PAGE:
The table shows rankings for the 55 meters indoors first, followed by the 100 meters outdoors. The rankings in blue font show the division she actually competed in, and the point at which she switched from the boys’ to the girls’ division. Simply by walking off of the track in the boys’ events and walking onto the track in the girls’ events, she went from barely being in the top 400 in the state boys’ interscholastic competitions to being #1 in the state among girls’ interscholastic competitions.

The girls’ competition rankings for her 9th grade year are those she would have achieved based on her times as run in boys’ events. The boys’ rankings for her sophomore, junior, and senior years are those she would have achieved based on her times as run in girls’ events. There were no rankings for the 100 meters outdoors her 12th grade year (2020) because the season was cancelled due to COVID.

A YEARWOOD – SPRINTS – 55 meters indoors and 100 meters outdoors

Yearwood, the other male who identifies as transgender, competed on the girls’ team all four years in high school. She came out publicly as transgender in the 9th grade. Her hormone status for each season is derived from publicly available information.[3] The table shows rankings for the 55 meters indoors first, followed by the 100 meters outdoors. The boys’ competitions rankings listed on the table are those she would have achieved based on her times run in girls’ events. There were no rankings for the 100 meters outdoors her 12th grade year (2020), because the season was cancelled due to COVID.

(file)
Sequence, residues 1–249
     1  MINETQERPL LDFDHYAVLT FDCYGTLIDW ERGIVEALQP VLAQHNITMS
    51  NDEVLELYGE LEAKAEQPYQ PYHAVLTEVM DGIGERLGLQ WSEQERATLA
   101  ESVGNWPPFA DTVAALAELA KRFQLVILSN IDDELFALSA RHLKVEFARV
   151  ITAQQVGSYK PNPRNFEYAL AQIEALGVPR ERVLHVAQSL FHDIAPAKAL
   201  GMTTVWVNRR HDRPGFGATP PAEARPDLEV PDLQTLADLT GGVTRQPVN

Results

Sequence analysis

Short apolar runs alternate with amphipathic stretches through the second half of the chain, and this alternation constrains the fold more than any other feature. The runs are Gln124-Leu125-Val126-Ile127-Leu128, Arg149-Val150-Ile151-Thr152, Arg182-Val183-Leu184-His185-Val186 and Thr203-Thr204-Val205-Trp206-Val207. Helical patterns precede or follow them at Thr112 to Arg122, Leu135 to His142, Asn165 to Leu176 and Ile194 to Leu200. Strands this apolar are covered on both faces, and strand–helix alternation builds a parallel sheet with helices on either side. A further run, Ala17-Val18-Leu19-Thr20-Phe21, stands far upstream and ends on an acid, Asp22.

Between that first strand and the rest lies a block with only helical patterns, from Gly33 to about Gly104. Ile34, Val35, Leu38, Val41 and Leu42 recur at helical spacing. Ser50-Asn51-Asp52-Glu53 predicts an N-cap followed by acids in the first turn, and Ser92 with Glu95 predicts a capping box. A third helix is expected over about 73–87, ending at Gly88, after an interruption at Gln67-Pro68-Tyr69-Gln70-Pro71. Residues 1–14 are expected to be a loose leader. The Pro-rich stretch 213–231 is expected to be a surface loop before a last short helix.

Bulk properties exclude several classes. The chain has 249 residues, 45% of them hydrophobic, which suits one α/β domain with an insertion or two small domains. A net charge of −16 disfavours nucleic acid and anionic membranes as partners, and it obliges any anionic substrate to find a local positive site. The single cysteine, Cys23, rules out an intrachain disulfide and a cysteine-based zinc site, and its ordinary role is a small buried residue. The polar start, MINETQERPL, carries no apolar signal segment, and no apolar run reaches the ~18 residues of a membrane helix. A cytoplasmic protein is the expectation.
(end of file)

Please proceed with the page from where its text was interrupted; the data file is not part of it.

We don’t have statistics on the number of males who identify as transgender who have competed in girls’ events in high school sports. However, it appears that, at least in the past, most were already on gender-affirming hormones by the time they sought to participate on girls’ teams; transgender advocacy groups seems generally to assume that this is the case when they speak to the issue. However, we are at a juncture in history where males who identify as transgender who are not on hormones are just beginning to ask to be included in girls’ competitions and state laws mandate their inclusion. In part this is because the standard of care in transgender medicine now recommends that transkids “come out” socially before they transition medically; and many physicians now require that kids wait until they are 16 to go on gender-affirming hormones. For a male who identifies as transgender, going out for a girls’ school sports team is one way to come out socially. We are thus increasingly likely to face situations like that in Connecticut where males who identify as transgender seek to compete in girls’/women’s sport while not on hormones.